How to animate-in UICollectionView items issue #12 is chock-full of awesomeness. Animations, especially interactive ones, are the heart and soul of delightful iOS 7 apps. I can’t recall when was the last time I read so many articles in such a short period of time.

One particular use case was not covered though and it just happened to be one I was tackling while building new version of Try Couch to 5k. In it, everything is collection views, often nested one inside another. What I wanted to do is sequentially animate each cell as it appears on the screen.

For example, as 5k plan has sequences of pace units, I wanted them to appear one by one, to draw runner’s eye to each one. At the same time, since lots of info is presented on the run-preview screen, I wanted to gradually load them to not overwhelm the runner with several parts of the screen animating at the same time (that would just be visual noise).

So, how to tackle this?

Easy approach would be just display cells as usual but hide them post-layout and then write UIVIew animate.... However, this did not seem right.

First of all, I wanted to reuse existing UICollectionViewLayout API, since it already has built-in support for animating items in:

(UICollectionViewLayoutAttributes *)initialLayoutAttributesForAppearingItemAtIndexPath:(NSIndexPath *)indexPath
(UICollectionViewLayoutAttributes *)initialLayoutAttributesForAppearingSupplementaryElementOfKind:(NSString *)elementKind atIndexPath:(NSIndexPath *)indexPath

However, these methods are called only when adding items into existing collection view, while I wanted these to fire on initial build up. There’s an answer right there - initially load the collection view with 0 sections and items and then animate your insertItemsAtIndexPaths and insertSections.

First you need few counters for current section index and item index:

@interface SequenceVC () < UICollectionViewDataSource, UICollectionViewDelegate, SequenceLayoutDelegate >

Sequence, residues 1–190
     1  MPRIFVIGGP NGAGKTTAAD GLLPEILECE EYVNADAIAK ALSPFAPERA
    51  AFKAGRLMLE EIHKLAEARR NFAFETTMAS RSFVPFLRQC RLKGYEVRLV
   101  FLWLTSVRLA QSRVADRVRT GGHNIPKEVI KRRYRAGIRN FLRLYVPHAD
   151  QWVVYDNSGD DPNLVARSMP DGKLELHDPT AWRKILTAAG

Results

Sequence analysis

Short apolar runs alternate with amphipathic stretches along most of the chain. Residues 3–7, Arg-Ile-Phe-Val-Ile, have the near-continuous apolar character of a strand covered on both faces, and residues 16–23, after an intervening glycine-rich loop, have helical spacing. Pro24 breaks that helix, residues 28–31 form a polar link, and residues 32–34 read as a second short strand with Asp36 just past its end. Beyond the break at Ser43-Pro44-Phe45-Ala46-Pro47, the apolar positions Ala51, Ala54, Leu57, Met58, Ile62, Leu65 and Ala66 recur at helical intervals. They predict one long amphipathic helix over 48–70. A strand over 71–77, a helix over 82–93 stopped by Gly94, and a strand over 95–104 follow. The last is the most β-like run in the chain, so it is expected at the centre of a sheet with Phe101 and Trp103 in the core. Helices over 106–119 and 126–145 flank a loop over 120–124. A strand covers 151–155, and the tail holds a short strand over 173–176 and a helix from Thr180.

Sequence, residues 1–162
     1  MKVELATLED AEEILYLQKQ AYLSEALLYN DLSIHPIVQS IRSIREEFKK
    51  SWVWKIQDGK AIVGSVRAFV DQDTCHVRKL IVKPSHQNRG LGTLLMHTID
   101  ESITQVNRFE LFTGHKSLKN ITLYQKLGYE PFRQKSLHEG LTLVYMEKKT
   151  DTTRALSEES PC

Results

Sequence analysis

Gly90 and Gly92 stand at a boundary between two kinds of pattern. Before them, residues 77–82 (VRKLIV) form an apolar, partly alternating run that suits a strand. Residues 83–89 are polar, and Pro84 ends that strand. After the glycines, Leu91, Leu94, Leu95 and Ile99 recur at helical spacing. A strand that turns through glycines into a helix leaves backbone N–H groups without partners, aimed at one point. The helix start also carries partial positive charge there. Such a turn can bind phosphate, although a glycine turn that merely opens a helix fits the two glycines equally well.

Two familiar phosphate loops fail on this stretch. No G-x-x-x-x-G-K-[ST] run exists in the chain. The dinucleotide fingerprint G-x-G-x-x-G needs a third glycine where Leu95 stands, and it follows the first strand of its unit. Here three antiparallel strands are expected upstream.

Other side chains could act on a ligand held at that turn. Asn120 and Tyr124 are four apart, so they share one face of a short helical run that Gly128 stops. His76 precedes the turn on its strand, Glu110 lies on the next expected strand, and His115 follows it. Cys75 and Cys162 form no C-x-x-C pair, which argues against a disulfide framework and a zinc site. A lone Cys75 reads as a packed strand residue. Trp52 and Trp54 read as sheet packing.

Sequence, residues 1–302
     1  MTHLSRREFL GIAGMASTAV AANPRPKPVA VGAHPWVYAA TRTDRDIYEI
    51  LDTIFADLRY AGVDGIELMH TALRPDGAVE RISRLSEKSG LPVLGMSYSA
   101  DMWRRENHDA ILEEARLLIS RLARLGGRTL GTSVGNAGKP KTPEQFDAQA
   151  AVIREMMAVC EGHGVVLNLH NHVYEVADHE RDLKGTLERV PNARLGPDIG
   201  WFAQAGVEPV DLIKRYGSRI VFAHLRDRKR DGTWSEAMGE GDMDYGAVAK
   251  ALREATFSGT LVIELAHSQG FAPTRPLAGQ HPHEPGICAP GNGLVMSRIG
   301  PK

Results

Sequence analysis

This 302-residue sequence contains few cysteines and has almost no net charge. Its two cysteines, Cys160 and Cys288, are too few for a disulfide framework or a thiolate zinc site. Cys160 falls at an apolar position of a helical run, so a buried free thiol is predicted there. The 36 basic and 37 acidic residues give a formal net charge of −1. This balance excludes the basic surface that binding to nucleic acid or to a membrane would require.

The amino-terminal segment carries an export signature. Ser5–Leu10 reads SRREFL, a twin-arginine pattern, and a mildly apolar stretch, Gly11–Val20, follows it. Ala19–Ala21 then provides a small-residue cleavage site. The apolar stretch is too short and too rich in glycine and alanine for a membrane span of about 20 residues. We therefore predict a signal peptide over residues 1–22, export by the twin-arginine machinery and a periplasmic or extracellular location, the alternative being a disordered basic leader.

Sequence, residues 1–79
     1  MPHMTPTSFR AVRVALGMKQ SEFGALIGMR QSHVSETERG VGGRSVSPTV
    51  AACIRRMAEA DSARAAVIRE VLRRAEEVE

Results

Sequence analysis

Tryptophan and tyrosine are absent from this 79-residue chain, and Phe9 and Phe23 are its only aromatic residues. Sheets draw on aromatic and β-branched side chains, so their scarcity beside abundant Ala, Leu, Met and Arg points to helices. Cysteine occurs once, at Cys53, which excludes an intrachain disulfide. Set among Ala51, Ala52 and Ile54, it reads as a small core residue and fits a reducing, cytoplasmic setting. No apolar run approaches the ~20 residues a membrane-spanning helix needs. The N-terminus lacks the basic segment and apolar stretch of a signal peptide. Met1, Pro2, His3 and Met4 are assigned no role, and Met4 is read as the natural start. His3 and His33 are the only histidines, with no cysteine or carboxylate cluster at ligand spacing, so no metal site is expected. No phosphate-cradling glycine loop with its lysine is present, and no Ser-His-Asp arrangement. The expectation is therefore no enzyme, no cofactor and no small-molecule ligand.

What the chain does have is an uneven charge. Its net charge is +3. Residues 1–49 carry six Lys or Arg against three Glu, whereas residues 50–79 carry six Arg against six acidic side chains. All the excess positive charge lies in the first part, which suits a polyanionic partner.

@property (nonatomic, strong) UICollectionView *collectionView;

@property (nonatomic) NSInteger currentSection;
@property (nonatomic) NSInteger currentItem;

Remember that collection view dataSource’s numberOfSections can’t return 0, it must be at least 1, thus I initialize the params like this:

self.currentSection = 0;
self.currentItem = -1;

In my use case, collection view sections are running sequences where each sequence can have variable number of pace units (jog, walk, sprint etc - these are items). So, this is how collection view data source looks like:

 - (NSInteger)numberOfSectionsInCollectionView:(UICollectionView *)collectionView {
	return MIN(self.currentSection+1, [self.delegate numberOfSequences]);

 - (NSInteger)collectionView:(UICollectionView *)view numberOfItemsInSection:(NSInteger)section {

	RDMSequence *seq = [self.delegate sequenceAtIndex:section];
	if (section < self.currentSection)
		return [seq.units count];
		return MIN(self.currentItem+1, [seq.units count]);

It’s fairly easy to understand - if section is already displayed then second method returns all its items, while for section which is still animated-in return items up to current counter value.

Thus when you load this collection view, it will have one section with 0 items. Then you start the animation:

//	animation starter!
 - (void)display {

	self.animationStartTime = CACurrentMediaTime();